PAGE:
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    That's actually quite funny and quite ironic too. Rightmove is firm wholly reliant on something it doesn't own and cannot readily replace; the property listings supplied by a customer base it's in a coercive relationship with.

    It's £6b market cap is supported by just 5% of revenues from agents and builders without whose stock Rightmove does not exist. 95% of the company's value is fragile and vulnerable to someone coming along and doing a better job for less.

    Of course Rightmove could try to buy such a competitor out of the market but if that competitor isn't for sale at any price, they can't.
    Any attempt to buy into the supply chain to protect the Duopoly CMA created when it allowed Primelocation and Findaproperty to be rolled into ZPG will be met with an industry awareness that didn't exist in 2011.
    Making Rightmove sticky to its customer base and retaining the BIG DATA that gives it it's value will probably only realistically be achieved by sacrificing the £300m revenue it takes from agents and builders.

    It is a great brand, well known in the industry but sadly it is now a legacy list system that is reliant on its reputation for what it was rather than what it is and will become.

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    I think he's wrong. People will inly take so much. Younger buyers are moving towards social media. Agents just need to grow some balls.

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    Woolworths fell. Giants will fall eventually if their product doesn’t keep up with market changes. Agents need help with compliance in CPRs. Where is Rightmove helping agents with this? Say on leasehold, scraping data from Land Registry on lease terms? Or HMO licence data, all scrapeable? Or other risks such as dodgy cladding, working with block management asset-register software? There is so much data Rightmove could aggregate that could ease the home buying and selling process. Think taxing your car, when the DVLA already know you are insured with an MoT. Makes it easier, safer, cheaper.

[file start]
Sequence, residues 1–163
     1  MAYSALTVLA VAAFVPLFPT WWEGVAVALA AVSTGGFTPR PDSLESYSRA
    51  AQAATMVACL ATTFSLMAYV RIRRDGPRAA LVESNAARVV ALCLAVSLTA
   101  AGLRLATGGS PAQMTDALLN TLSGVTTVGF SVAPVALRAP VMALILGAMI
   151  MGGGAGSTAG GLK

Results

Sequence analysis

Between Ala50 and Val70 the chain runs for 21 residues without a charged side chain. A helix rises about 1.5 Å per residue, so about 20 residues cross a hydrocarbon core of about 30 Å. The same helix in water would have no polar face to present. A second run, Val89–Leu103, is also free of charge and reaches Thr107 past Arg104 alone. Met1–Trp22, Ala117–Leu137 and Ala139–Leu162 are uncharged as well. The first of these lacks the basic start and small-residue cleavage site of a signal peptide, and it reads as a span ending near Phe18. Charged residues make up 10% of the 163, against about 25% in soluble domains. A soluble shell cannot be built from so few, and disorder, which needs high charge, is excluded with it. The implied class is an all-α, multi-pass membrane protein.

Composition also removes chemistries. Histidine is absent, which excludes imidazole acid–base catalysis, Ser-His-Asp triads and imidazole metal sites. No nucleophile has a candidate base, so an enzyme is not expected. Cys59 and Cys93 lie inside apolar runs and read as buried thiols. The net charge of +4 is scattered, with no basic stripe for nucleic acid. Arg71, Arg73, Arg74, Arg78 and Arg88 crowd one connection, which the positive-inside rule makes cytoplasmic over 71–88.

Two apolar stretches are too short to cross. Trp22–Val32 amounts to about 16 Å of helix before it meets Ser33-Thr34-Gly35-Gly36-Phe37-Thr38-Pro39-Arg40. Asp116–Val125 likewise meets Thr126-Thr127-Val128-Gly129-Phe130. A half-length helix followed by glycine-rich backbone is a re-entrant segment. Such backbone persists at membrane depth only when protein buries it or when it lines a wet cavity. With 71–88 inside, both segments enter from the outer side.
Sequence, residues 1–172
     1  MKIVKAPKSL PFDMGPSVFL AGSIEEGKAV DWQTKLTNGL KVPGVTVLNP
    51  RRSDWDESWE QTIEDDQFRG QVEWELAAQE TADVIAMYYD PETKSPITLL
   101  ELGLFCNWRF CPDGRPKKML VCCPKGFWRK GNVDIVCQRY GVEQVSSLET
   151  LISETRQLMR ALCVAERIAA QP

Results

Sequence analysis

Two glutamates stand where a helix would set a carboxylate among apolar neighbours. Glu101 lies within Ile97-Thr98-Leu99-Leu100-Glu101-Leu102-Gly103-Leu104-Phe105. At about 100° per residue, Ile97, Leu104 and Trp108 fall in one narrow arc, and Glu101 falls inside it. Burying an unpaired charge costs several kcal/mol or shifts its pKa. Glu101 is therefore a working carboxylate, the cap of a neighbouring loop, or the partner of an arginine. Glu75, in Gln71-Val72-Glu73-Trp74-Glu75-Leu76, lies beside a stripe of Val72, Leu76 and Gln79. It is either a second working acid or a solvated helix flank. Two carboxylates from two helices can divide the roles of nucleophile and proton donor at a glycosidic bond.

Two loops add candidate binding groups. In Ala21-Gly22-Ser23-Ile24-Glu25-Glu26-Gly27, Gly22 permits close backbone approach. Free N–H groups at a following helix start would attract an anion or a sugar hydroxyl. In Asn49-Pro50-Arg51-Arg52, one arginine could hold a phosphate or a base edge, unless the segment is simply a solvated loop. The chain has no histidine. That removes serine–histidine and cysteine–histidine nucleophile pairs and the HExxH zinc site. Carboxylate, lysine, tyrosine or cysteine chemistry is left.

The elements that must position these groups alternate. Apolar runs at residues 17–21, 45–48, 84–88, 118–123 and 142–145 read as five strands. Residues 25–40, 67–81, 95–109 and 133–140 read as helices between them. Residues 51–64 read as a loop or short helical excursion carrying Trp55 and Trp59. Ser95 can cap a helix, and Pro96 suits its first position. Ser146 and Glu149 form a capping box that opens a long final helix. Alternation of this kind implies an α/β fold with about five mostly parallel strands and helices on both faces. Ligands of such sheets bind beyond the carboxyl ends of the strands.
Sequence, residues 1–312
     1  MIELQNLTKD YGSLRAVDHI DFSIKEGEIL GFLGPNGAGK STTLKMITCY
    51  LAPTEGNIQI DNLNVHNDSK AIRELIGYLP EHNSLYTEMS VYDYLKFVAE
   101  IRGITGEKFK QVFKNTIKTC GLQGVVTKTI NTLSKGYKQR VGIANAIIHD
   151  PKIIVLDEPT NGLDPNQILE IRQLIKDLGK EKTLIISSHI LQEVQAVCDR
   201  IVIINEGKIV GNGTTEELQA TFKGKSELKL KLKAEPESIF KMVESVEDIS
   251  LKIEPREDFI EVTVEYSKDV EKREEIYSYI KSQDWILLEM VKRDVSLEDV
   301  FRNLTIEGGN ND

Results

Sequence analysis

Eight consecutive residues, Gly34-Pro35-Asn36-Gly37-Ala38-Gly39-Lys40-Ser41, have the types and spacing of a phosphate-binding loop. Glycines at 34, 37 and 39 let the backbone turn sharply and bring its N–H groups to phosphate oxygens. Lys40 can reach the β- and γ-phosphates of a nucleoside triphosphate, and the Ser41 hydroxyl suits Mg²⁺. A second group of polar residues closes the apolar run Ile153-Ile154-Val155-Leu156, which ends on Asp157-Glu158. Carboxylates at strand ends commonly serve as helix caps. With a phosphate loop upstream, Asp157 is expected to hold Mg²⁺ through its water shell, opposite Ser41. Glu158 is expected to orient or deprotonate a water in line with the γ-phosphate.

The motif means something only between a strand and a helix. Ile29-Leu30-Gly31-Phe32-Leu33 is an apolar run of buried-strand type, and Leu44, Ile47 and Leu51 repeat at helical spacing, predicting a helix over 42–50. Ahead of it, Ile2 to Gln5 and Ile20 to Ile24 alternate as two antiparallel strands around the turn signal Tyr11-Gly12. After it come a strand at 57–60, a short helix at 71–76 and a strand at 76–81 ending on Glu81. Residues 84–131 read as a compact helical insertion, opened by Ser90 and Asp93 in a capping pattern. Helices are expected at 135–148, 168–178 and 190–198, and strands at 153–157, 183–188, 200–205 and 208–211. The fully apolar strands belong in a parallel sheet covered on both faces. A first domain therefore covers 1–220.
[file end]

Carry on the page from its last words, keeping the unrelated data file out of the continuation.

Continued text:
Rightmove are not innovating and eventually, out-of-touch Goliaths die. MySpace? Friends Reunited? Rightmove could really help sales and letting agents comply with legislation, reducing risk and adding value for customers and agents. They can certainly afford some product development. Complacency is the biggest risk to their shareholders long term, because when eventually it tips, it’ll tip fast.

  • Chris Arnold

    Why the focus on reach? When most agency is local.
    Why pay to use a platform? When any agency can build their own.

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    We thought Instagram would be king of social media a few months back... Guess what? TikTok is slowly taking away their engagement.